Background: Cystic fibrosis (CF) is a recessively inherited condition caused by mutation of the CFTR gene. Newborn infants with CF have raised levels of immuno-reactive trypsinogen (IRT) in their serum. Measurement of IRT in the first week of life has enabled CF to be incorporated into existing newborn screening (NBS) blood spot protocols. However, IRT is not a specific test for CF and NBS therefore requires a further tier of tests to avoid unnecessary referral for diagnostic testing. Following identification of the CFTR gene, DNA analysis for common CF-associated mutations has been increasingly used as a second tier test. The aim of this study was to survey the current practice of CF NBS programmes in Europe.
Method: A questionnaire was sent to 26 regional and national CF NBS programmes in Europe.
Results: All programmes responded. The programmes varied in number of infants screened and in the protocols employed, ranging from sweat testing all infants with a raised first IRT to protocols with up to four tiers of testing. Three different assays for IRT were used; in the majority (24) this was a commercially available kit (Delfia). A number of programmes employed a second IRT measurement in the 4th week of life (as the IRT is more specific at this point). Nineteen programmes used DNA analysis for common CFTR mutations on samples with a raised first IRT. Three programmes used a second IRT measurement on infants with just one recognised mutation to reduce the number of infants referred for sweat testing. Referral to clinical services was prompt and diagnosis was confirmed by sweat testing, even in infants with two recognised mutations in most programmes. Subsequent clinical pathways were less uniform. Multivariate analysis demonstrated a relationship between the age of diagnosis and the timing of the first IRT. More sweat tests were undertaken if the first IRT was earlier and the diagnosis was later.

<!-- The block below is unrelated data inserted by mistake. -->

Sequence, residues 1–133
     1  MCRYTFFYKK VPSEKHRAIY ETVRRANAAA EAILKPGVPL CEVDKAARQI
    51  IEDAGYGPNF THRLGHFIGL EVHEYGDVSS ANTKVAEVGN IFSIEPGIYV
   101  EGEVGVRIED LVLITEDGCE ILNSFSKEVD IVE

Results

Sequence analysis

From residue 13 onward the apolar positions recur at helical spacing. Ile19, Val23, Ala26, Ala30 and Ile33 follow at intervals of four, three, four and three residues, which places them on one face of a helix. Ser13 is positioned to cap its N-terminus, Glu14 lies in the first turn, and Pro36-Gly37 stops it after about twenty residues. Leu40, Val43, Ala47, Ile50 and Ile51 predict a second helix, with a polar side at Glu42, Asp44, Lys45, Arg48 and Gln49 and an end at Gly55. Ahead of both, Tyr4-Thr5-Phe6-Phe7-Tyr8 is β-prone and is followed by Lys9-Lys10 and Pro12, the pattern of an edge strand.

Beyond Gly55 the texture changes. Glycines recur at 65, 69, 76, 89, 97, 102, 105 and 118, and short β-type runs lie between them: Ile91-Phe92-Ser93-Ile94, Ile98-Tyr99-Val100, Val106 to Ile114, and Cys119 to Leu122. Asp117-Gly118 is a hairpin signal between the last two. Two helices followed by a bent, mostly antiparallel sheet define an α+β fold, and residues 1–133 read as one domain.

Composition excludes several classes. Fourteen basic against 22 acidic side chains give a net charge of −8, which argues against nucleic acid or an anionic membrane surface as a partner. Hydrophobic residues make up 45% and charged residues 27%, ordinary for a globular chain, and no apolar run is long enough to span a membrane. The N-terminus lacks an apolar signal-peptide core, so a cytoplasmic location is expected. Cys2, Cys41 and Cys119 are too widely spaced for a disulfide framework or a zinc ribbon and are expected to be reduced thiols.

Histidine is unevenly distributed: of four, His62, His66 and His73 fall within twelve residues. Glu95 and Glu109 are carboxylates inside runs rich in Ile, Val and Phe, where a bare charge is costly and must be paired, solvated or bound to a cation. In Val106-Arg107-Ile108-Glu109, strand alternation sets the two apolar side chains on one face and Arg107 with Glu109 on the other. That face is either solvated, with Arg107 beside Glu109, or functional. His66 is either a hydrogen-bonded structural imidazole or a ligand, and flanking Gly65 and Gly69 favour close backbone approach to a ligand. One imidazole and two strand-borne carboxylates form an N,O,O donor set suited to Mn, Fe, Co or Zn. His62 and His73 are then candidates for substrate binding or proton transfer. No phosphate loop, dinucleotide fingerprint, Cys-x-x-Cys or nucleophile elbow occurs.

Conclusions: Annually these programmes screen approximately 1,600,000 newborns for CF and over 400 affected infants are recognised. The findings of this survey will guide the development of European evidence based guidelines and may help new regions or nations in the development and implementation of NBS for cystic fibrosis.